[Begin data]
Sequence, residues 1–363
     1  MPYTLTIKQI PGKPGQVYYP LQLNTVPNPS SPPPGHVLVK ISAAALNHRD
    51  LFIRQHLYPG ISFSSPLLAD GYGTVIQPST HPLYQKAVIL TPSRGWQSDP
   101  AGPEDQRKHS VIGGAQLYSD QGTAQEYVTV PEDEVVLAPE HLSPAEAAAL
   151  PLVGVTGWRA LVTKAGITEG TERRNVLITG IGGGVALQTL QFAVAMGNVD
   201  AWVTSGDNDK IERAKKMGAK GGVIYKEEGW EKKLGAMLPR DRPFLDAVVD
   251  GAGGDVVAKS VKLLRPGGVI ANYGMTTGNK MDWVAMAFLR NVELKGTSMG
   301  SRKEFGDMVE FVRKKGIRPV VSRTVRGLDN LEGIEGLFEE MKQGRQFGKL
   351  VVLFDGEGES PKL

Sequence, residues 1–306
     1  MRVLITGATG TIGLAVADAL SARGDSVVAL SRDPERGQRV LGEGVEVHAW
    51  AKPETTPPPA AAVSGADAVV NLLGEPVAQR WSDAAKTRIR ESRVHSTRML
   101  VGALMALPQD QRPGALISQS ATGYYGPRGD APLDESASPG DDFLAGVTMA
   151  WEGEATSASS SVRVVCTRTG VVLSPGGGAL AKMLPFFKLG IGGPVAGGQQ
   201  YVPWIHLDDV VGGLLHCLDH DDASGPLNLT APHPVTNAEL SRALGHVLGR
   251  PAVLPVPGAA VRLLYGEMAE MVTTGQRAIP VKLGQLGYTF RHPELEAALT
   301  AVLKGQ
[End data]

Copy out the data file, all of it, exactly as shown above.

Sequence, residues 1–363
     1  MPYTLTIKQI PGKPGQVYYP LQLNTVPNPS SPPPGHVLVK ISAAALNHRD
    51  LFIRQHLYPG ISFSSPLLAD GYGTVIQPST HPLYQKAVIL TPSRGWQSDP
   101  AGPEDQRKHS VIGGAQLYSD QGTAQEYVTV PEDEVVLAPE HLSPAEAAAL
   151  PLVGVTGWRA LVTKAGITEG TERRNVLITG IGGGVALQTL QFAVAMGNVD
   201  AWVTSGDNDK IERAKKMGAK GGVIYKEEGW EKKLGAMLPR DRPFLDAVVD
   251  GAGGDVVAKS VKLLRPGGVI ANYGMTTGNK MDWVAMAFLR NVELKGTSMG
   301  SRKEFGDMVE FVRKKGIRPV VSRTVRGLDN LEGIEGLFEE MKQGRQFGKL
   351  VVLFDGEGES PKL

Sequence, residues 1–306
     1  MRVLITGATG TIGLAVADAL SARGDSVVAL SRDPERGQRV LGEGVEVHAW
    51  AKPETTPPPA AAVSGADAVV NLLGEPVAQR WSDAAKTRIR ESRVHSTRML
   101  VGALMALPQD QRPGALISQS ATGYYGPRGD APLDESASPG DDFLAGVTMA
   151  WEGEATSASS SVRVVCTRTG VVLSPGGGAL AKMLPFFKLG IGGPVAGGQQ
   201  YVPWIHLDDV VGGLLHCLDH DDASGPLNLT APHPVTNAEL SRALGHVLGR
   251  PAVLPVPGAA VRLLYGEMAE MVTTGQRAIP VKLGQLGYTF RHPELEAALT
   301  AVLKGQ